Interior Design: The Interior Design Program is accredited by the Council for Interior Design Accreditation (CIDA) (2004-2010), National Association of Schools of Art and Design (NASAD) (2000-2010), and the National Kitchen and Bath Association (NKBA) (2000-2009).  This major provides academic preparation for the professional interior designer, which is the first component  in the process of formal education and work experience needed for satisfactory completion of the National Council for Interior Design Qualification (NCIDQ) examination. Interior designers commonly find employment with architectural and design firms, historic preservation organizations, museums/galleries, manufacturers, retailers, and other corporations. Students with specialized skills are eligible for employment as CAD specialists, ADA compliance consultants, design journalists, or product designers.

Textiles, Apparel, and Merchandising: The Textiles, Apparel, and Merchandising Program concentrates on preparing students for careers in apparel merchandising. This major is the entry to a career in retailing, one of the fastest growing fields in the United States, and offers the chance to work in an ever changing and challenging profession. Retailing requires a keen interest in merchandise and an understanding of the world of fashion, as well as business and organizational skills. The program offers students the opportunities to learn about functions of retailing, cultural aspects of clothing, analysis of ready-to-wear quality, textiles, history of costume, trends in retailing, global marketing, and principles of design. Careers in apparel merchandising may include assistant buyer or retail buyer; retail management; showroom sales or sales representative; advertising, journalism, or photography as these relate to the apparel industry; visual merchandiser; special events coordinator; fashion promotion; or personal shopper.


Departmental Opportunities

Advising is an important part of family and consumer sciences programs, and majors and minors are encouraged to maintain regular contact with their advisors and to work with their advisors prior to registration each semester. Students who do so are more likely to meet their goals and achieve academic success. Students can find their assigned advisors by consulting the College of Arts and Sciences, the department, or their DARS.

Most classes in the department are housed in the Family and Consumer Sciences Building, which also contains specialized laboratories for foods and nutrition, apparel and textiles, and a discipline specific studio for interior design. All faculty offices are also located in the building.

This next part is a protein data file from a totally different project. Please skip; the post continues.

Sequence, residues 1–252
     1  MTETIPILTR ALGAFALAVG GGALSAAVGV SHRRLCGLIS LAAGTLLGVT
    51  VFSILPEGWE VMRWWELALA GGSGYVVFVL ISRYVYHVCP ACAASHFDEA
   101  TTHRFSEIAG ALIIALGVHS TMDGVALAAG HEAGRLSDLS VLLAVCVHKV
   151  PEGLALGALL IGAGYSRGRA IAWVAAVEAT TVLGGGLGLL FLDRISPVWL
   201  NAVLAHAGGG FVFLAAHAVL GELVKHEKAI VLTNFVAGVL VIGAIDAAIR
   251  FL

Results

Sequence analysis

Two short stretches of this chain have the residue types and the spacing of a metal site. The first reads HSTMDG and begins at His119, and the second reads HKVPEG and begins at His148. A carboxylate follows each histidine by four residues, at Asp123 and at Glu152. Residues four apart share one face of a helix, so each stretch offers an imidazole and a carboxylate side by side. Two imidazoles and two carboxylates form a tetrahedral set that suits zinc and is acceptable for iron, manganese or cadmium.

Student professional organizations include the Preprofessional/Graduate Student section of the Indiana Association of Family and Consumer Sciences (INAFCS) and the Alpha Phi Chapter of Phi Upsilon Omicron, a national honor society in family and consumer sciences. Interior design majors may become members of Interior Designers Embrace Amplification (IDEA) composed of student chapters of the American Society of Interior Designers (ASID), the International Interior Design Association (IIDA), and the National Kitchen and Bath Association (NKBA). The Food and Nutrition Student Organization is open to majors and minors in the food and nutrition area, as well as other students interested in nutrition issues. Textiles, apparel, and merchandising majors and minors may join the Fashion Merchandising Association (FMA).


TEACHING CURRICULA

Students pursuing a teaching degree should be thoroughly familiar with the requirements for admission to the Teacher Education Program and the teaching curriculum. Refer to the College of Education and the Department of Curriculum, Instruction, and Media Technology sections in this Catalog. The Family and Consumer Sciences Education Program is accredited by the National Council for the Accreditation of Teacher Education (NCATE), Indiana Department of Education, Division of Professional Standards, and the North Central Association (NCA) for Schools and Colleges. A student who desires licensure as a family and consumer sciences teacher should contact the Department of Family and Consumer Sciences during the first semester in his or her educational career at Indiana State University. At that time an advisor will be appointed to furnish assistance throughout the student’s undergraduate career. Once in the Teacher Education Program, the student will be pursuing a bachelor’s degree from Indiana State University and licensure as a teacher of family and consumer sciences. When selecting  General Education courses, students are urged to consider post-baccalaureate plans.